Average precipitation mm (inches) 62.6 (2.465) 48.8 (1.921) 52.7 (2.075) 54.1 (2.13) 59.5 (2.343) 66.7 (2.626) 56.2 (2.213) 73.3 (2.886) 59.5 (2.343) 79.0 (3.11) 72.9 (2.87) 72.7 (2.862) 758.0 (29.843)

Average precipitation days (≥ 1.0 mm) 12 10 11 10 11 10 10 11 10 11 11 12 129

Average snowy days 4.6 4.2 2.8 1.2 0.2 0.0 0.0 0.0 0.0 0.0 0.8 2.9 16.6

Average relative humidity (%) (at 15:00 UTC) 80.6 75.7 71.0 68.3 68.0 68.3 69.0 69.3 71.5 75.1 80.3 83.1 73.3

Mean monthly sunshine hours 58.9 75.6 108.5 159.0 192.2 174.0 164.3 158.1 129.0 102.3 72.0 52.7 1,446.6

Mean daily sunshine hours 1.9 2.7 3.5 5.3 6.2 5.8 5.3 5.1 4.3 3.3 2.4 1.7 3.9

Source: Met Éireann[57][58][59]

Climate data for Dublin
Dublin
(Casement), 1981–2010 normals, extremes 1958–present

Month Jan Feb Mar Apr May Jun Jul Aug Sep Oct Nov Dec Year

Record high °C (°F) 15.4 (59.7) 15.9 (60.6) 21.0 (69.8) 22.7 (72.9) 24.9 (76.8) 27.6 (81.7) 31.0 (87.8) 30.5 (86.9) 25.4 (77.7) 23.4 (74.1) 17.7 (63.9) 15.4 (59.7) 31 (87.8)

Average high °C (°F) 8.0 (46.4) 8.2 (46.8) 10.2 (50.4) 12.4 (54.3) 15.2 (59.4) 17.9 (64.2) 19.8 (67.6) 19.5 (67.1) 17.1 (62.8) 13.6 (56.5) 10.2 (50.4) 8.3 (46.9) 13.4 (56.1)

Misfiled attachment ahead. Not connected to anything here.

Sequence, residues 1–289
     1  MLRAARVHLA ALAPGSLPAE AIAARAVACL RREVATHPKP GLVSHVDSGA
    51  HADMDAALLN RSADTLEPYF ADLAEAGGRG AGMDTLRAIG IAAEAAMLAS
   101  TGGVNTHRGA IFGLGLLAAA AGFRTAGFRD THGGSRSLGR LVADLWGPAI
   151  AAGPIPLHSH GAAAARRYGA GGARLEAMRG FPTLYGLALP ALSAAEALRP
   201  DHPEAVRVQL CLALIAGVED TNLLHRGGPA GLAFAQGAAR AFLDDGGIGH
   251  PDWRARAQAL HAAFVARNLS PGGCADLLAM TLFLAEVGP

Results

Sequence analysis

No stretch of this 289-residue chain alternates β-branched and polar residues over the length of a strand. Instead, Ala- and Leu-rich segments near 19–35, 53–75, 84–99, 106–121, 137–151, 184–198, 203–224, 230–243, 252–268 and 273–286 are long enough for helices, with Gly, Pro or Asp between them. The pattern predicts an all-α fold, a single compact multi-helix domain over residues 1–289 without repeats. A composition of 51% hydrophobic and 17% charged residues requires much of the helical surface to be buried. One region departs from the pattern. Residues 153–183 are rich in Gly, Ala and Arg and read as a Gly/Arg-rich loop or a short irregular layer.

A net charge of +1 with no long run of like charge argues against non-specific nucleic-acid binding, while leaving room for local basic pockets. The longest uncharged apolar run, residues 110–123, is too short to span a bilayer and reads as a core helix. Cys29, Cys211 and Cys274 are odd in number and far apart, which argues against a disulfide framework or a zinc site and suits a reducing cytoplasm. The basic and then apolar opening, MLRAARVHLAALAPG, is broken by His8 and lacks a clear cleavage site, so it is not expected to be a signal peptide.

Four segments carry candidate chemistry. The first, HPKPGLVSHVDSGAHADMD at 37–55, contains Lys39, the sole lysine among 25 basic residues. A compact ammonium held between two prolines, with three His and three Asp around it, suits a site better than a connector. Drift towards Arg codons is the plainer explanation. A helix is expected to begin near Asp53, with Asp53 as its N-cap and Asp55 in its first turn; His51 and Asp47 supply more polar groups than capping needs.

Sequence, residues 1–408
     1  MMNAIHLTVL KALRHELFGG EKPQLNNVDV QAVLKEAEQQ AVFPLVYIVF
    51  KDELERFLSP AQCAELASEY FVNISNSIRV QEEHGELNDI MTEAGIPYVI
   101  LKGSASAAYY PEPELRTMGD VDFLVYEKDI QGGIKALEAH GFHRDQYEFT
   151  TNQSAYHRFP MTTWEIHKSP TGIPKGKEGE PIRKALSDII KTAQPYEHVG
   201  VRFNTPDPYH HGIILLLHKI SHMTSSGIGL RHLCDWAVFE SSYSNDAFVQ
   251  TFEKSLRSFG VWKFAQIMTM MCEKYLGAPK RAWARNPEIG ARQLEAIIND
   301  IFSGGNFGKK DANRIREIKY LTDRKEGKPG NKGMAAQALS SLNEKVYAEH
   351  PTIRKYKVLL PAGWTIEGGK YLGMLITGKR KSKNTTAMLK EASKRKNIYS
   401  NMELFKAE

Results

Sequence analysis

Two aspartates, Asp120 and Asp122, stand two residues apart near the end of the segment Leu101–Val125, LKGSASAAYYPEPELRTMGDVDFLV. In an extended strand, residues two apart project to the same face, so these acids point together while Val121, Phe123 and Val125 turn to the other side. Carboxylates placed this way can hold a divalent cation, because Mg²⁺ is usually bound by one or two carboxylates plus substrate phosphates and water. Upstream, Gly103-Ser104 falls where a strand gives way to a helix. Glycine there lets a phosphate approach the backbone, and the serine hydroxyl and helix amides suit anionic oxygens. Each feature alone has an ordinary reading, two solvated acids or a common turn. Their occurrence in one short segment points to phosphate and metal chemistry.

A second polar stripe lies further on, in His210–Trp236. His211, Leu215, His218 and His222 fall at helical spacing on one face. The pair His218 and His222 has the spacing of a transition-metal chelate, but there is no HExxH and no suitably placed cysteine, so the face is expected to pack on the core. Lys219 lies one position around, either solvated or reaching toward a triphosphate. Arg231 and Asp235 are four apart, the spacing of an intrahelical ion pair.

Daily mean °C (°F) 5.1 (41.2) 5.1 (41.2) 6.8 (44.2) 8.2 (46.8) 10.9 (51.6) 13.6 (56.5) 15.7 (60.3) 15.4 (59.7) 13.3 (55.9) 10.3 (50.5) 7.2 (45) 5.4 (41.7) 9.7 (49.5)

Average low °C (°F) 2.1 (35.8) 2.0 (35.6) 3.3 (37.9) 4.1 (39.4) 6.6 (43.9) 9.4 (48.9) 11.5 (52.7) 11.3 (52.3) 9.5 (49.1) 7.0 (44.6) 4.2 (39.6) 2.4 (36.3) 6.1 (43)

Record low °C (°F) −13.2 (8.2) −10.3 (13.5) −9.8 (14.4) −5.5 (22.1) −3.0 (26.6) −0.7 (30.7) 2.5 (36.5) 1.5 (34.7) −0.3 (31.5) −4.1 (24.6) −9.1 (15.6) −15.7 (3.7) −15.7 (3.7)

Average precipitation mm (inches) 63.8 (2.512) 48.5 (1.909) 50.7 (1.996) 51.9 (2.043) 59.1 (2.327) 62.5 (2.461) 54.2 (2.134) 72.3 (2.846) 60.3 (2.374) 81.6 (3.213) 73.7 (2.902) 75.7 (2.98) 754.2 (29.693)

Average precipitation days (≥ 1.0 mm) 12 10 11 10 11 10 10 11 10 12 11 12 130

Average snowy days 4.1 3.9 2.5 1.1 0.1 0.0 0.0 0.0 0.0 0.0 0.5 2.3 14.6

Average relative humidity (%) (at 15:00 UTC) 82.2 76.7 71.8 67.7 67.3 67.9 68.9 69.0 71.8 76.6 81.6 84.1 73.8

Mean monthly sunshine hours 52.7 70.0 102.3 153.0 186.0 159.0 151.9 148.8 123.0 102.3 66.0 46.5 1,361.5

Mean daily sunshine hours 1.7 2.5 3.3 5.1 6.0 5.3 4.9 4.8 4.1 3.3 2.2 1.5 3.7

Source: Met Éireann[60][58][59]

Climate data for Dublin
Dublin
(Phoenix Park), extremes 1881–present

Month Jan Feb Mar Apr May Jun Jul Aug Sep Oct Nov Dec Year

Record high °C (°F) 17.0 (62.6) 18.1 (64.6) 23.4 (74.1) 22.2 (72) 26.8 (80.2) 28.7 (83.7) 29.8 (85.6) 30.6 (87.1) 27.6 (81.7) 24.2 (75.6) 19.4 (66.9) 17.1 (62.8) 30.6 (87.1)

Record low °C (°F) −15.6 (3.9) −13.4 (7.9) −9.4 (15.1) −7.2 (19) −5.6 (21.9) −0.6 (30.9) 1.8 (35.2) 0.6 (33.1) −1.7 (28.9) −5.6 (21.9) −9.3 (15.3) −14.0 (6.8) −15.6 (3.9)

Source: Met Éireann[58][59]

Places of interest[edit]

Molly Malone
Molly Malone
statue

Landmarks[edit] Further information: List of public art in Dublin Dublin
Dublin